Tokenistic royal succession changes fail equality test

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Yesterday, it was announced at the Commonwealth Heads of Government Meeting in Perth, that Australia and the other 15 other nations that share the British monarch as their head of state had agreed to a revision of some of the monarchy's discriminatory rules of royal succession.

The new rules remove the preference for males over females in the line of succession and remove the prohibition on prospective monarchs marrying Catholics, though not the ban on monarchs being Catholics themselves. The prohibition on children born out of wedlock ascending the throne also remains in place.

Leading republicans in several of the affected constitutional monarchies have, in effect, described the changes as tokenistic and largely meaningless.


UK campaigners Republic said changes to the Act of Succession “fail the equality test in practice and in principle”, branding them 'crass and absurd'.

Campaign manager Graham Smith said:

"The monarchy discriminates against every man, woman and child who isn't born into the Windsor family.  To suggest that this has anything to do with equality is utterly absurd.  It fails the equality test both in practice and in principle.”

"In practice it simply means that the eldest child of one family is preferred over all others. Inequality is therefore further entrenched in the system."

"In principle, all children in Britain should have an equal opportunity to stand for the position of Head of State.  Anything short of that is an affront to the principles of equality."

In addition, Scotland’s First Minister Alex Salmond reportedly welcomed the lifting of the marriage ban but said it was “deeply disappointing” that Catholics were still unable to ascend to the throne.

“It surely would have been possible to find a mechanism which would have protected the status of the Church of England without keeping in place an unjustifiable barrier on the grounds of religion, in terms of the monarchy,” he said.


Canada's republican movement, Citizens for a Canadian Republic (CCR), said that it welcomed any attempt to remove discrimination, but that the Commonwealth initiative was seriously flawed and tokenistic.

CCR said that the changes do not go far enough:

“…removing the 300 year-old restriction on members of the royal family from marrying a Catholic, but retaining the rule forbidding the reigning monarch from being one, does not go far enough. Eligibility to become Canadian head of state based on one's religious affiliation still runs contrary to the Charter of Rights and Freedoms, which bans any kind of discrimination based on faith.”

It also made the point that the changes only affected one exclusive aristocratic family, excluding and discriminating against millions of Canadian citizens:

“… because all changes only affect members of an exclusive, aristocratic family based in a foreign country, they do absolutely nothing to improve the rights of any Canadian citizen, whatever their religion or sex may be. Millions of qualified Canadian citizens are still discriminated against because they are systematically excluded from the process by which our head of state is chosen. In a supposedly democratic and independent nation, this is totally unacceptable.”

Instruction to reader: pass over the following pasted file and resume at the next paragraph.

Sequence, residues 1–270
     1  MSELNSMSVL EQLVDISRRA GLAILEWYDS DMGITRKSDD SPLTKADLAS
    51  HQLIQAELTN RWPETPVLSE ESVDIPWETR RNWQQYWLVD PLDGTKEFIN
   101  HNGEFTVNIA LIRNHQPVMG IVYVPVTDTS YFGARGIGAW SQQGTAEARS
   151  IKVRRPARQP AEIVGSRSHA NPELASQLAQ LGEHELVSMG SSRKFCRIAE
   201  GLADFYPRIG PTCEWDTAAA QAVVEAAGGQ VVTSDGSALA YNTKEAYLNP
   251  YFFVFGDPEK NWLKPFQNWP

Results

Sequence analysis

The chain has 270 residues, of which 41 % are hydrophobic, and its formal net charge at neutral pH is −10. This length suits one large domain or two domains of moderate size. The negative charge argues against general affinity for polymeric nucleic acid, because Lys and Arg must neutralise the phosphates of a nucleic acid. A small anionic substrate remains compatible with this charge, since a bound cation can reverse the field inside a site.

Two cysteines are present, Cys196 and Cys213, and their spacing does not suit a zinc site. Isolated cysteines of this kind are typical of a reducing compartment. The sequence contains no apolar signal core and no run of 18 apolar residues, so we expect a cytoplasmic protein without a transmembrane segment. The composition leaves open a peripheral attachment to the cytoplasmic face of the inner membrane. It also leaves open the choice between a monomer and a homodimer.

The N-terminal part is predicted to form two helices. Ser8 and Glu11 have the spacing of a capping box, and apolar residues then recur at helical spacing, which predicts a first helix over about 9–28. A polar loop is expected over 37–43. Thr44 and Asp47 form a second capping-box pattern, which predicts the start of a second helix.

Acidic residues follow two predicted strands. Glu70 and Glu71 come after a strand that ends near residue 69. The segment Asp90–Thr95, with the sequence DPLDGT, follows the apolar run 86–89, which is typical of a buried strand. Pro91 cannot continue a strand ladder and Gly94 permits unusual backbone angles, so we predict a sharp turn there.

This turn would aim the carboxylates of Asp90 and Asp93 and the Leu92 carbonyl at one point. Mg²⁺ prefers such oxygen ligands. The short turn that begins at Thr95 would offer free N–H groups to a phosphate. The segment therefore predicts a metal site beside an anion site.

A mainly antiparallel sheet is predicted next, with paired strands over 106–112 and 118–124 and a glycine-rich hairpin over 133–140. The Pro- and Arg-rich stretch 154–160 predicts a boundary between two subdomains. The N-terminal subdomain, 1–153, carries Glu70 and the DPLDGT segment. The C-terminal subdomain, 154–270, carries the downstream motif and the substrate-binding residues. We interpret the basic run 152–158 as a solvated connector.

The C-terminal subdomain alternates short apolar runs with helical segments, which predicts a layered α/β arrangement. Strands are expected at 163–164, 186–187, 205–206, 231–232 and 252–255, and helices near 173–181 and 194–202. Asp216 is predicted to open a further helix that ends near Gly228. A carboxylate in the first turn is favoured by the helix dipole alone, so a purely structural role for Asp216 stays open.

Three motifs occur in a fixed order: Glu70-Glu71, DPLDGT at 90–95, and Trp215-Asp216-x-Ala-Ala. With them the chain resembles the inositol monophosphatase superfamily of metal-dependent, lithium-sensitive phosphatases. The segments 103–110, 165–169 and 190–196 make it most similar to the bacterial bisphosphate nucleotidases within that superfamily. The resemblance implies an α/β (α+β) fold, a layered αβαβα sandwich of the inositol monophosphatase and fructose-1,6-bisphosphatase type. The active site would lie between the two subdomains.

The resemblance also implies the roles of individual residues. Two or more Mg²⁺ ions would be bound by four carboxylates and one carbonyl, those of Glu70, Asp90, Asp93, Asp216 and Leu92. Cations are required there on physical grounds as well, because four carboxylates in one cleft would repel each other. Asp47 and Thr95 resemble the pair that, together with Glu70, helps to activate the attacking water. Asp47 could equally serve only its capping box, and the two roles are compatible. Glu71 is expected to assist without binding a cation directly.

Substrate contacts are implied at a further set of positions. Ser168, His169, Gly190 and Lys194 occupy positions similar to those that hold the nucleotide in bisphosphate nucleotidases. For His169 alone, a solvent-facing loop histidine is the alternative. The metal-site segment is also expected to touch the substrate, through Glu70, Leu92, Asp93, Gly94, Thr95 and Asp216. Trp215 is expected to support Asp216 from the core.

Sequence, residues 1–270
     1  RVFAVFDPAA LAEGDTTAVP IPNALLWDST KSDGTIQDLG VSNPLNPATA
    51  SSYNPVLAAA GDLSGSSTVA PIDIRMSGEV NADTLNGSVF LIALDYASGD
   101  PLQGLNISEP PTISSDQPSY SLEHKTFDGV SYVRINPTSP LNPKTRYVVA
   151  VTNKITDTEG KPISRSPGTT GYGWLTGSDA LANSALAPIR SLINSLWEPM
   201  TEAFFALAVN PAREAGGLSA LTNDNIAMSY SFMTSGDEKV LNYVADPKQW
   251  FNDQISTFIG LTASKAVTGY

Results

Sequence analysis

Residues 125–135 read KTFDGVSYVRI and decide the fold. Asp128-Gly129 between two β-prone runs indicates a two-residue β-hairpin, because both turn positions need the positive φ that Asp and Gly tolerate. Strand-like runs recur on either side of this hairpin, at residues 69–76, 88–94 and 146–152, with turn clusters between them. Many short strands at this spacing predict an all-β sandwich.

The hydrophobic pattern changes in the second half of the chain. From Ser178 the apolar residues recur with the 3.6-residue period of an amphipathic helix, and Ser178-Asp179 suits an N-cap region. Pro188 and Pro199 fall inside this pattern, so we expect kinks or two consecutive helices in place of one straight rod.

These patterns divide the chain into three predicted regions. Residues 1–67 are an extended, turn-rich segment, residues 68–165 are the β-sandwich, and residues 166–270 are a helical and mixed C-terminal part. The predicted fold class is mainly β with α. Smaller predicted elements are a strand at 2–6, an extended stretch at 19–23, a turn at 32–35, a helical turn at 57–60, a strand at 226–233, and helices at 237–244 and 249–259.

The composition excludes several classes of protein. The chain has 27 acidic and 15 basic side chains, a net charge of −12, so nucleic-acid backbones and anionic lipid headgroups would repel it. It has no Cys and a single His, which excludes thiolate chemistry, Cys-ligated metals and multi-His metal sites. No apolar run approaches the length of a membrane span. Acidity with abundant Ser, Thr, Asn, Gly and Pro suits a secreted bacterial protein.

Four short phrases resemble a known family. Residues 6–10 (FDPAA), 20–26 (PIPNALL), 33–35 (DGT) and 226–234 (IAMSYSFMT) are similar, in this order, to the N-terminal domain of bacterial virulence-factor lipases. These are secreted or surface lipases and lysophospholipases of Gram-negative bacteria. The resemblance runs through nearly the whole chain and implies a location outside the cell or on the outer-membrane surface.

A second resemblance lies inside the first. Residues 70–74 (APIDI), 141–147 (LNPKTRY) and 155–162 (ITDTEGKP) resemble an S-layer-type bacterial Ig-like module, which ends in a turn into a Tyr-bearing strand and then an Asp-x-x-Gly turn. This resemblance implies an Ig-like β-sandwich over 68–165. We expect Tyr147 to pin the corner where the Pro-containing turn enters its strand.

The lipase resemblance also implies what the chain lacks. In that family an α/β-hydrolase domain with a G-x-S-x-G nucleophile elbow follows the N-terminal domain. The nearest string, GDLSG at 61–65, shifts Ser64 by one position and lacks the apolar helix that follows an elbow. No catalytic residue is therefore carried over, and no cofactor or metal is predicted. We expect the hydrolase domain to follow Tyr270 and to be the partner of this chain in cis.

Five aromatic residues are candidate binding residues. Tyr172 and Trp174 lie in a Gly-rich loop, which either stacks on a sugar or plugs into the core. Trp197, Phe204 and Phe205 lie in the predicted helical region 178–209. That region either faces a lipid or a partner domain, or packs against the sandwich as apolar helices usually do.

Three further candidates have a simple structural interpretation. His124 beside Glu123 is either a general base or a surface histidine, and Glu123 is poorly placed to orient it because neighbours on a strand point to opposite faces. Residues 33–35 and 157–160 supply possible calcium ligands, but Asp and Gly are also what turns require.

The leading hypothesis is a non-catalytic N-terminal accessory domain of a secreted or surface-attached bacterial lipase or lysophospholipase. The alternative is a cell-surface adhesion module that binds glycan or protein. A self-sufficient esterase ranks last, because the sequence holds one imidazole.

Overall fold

New Zealand:

The Republican Movement of Aotearoa New Zealand said the proposed changes announced at CHOGM were irrelevant to every day New Zealanders, just like the monarchy itself, and should be part of the current ongoing parliamentary review being held into New Zealand's Constitution.

The vice chair of NZ Republican Movement, Savage, said:

“The changes, to remove the sexist rules from the succession, only remind us how long the monarchy has discriminated against women and Catholics."

"These aren't just out of date rules about which Windsor will assume the British throne. They're a statement about our constitution and about who is and who isn't allowed to be New Zealand's head of state."

"These rules still mean that if you're a New Zealander – Pakeha, Maori, Pacific or Asian – you are not as good as the British royal family and can't be head of state of New Zealand.”

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At time of publication, the Australian Republican Movement had not issued a statement, however one of Australia’s most prominent republicans, Independent Australia’s senior writer Barry Everingham, dismissed the new laws as late in coming and unlikely to have any bearing on Australia.

“The next relevant royal child birth will be the first born to William and Kate and if that happens to be a boy, well we enter into the realms of fantasy,” said Mr Everingham.

"He won’t be married, bar accidents, for at least 40 to 50 years, and if the Windsor (Saxe Coburg Gotha) genes kick in, and if Australia's constitution hasn't changed by then, we may as well give up.”

Mr Everingham also expressed concern that the new laws do not remove the bans against Catholics and children born out of wedlock becoming Australian head of state.

“Australia's Catholics, however, are still second-class citizens,” said Mr Everingham.

“Catholics remain barred from sitting on the throne, but at least an eligible royal married to one can inherit,” he said.

“I'm also worried that children born out of wedlock didn't get a mention.”

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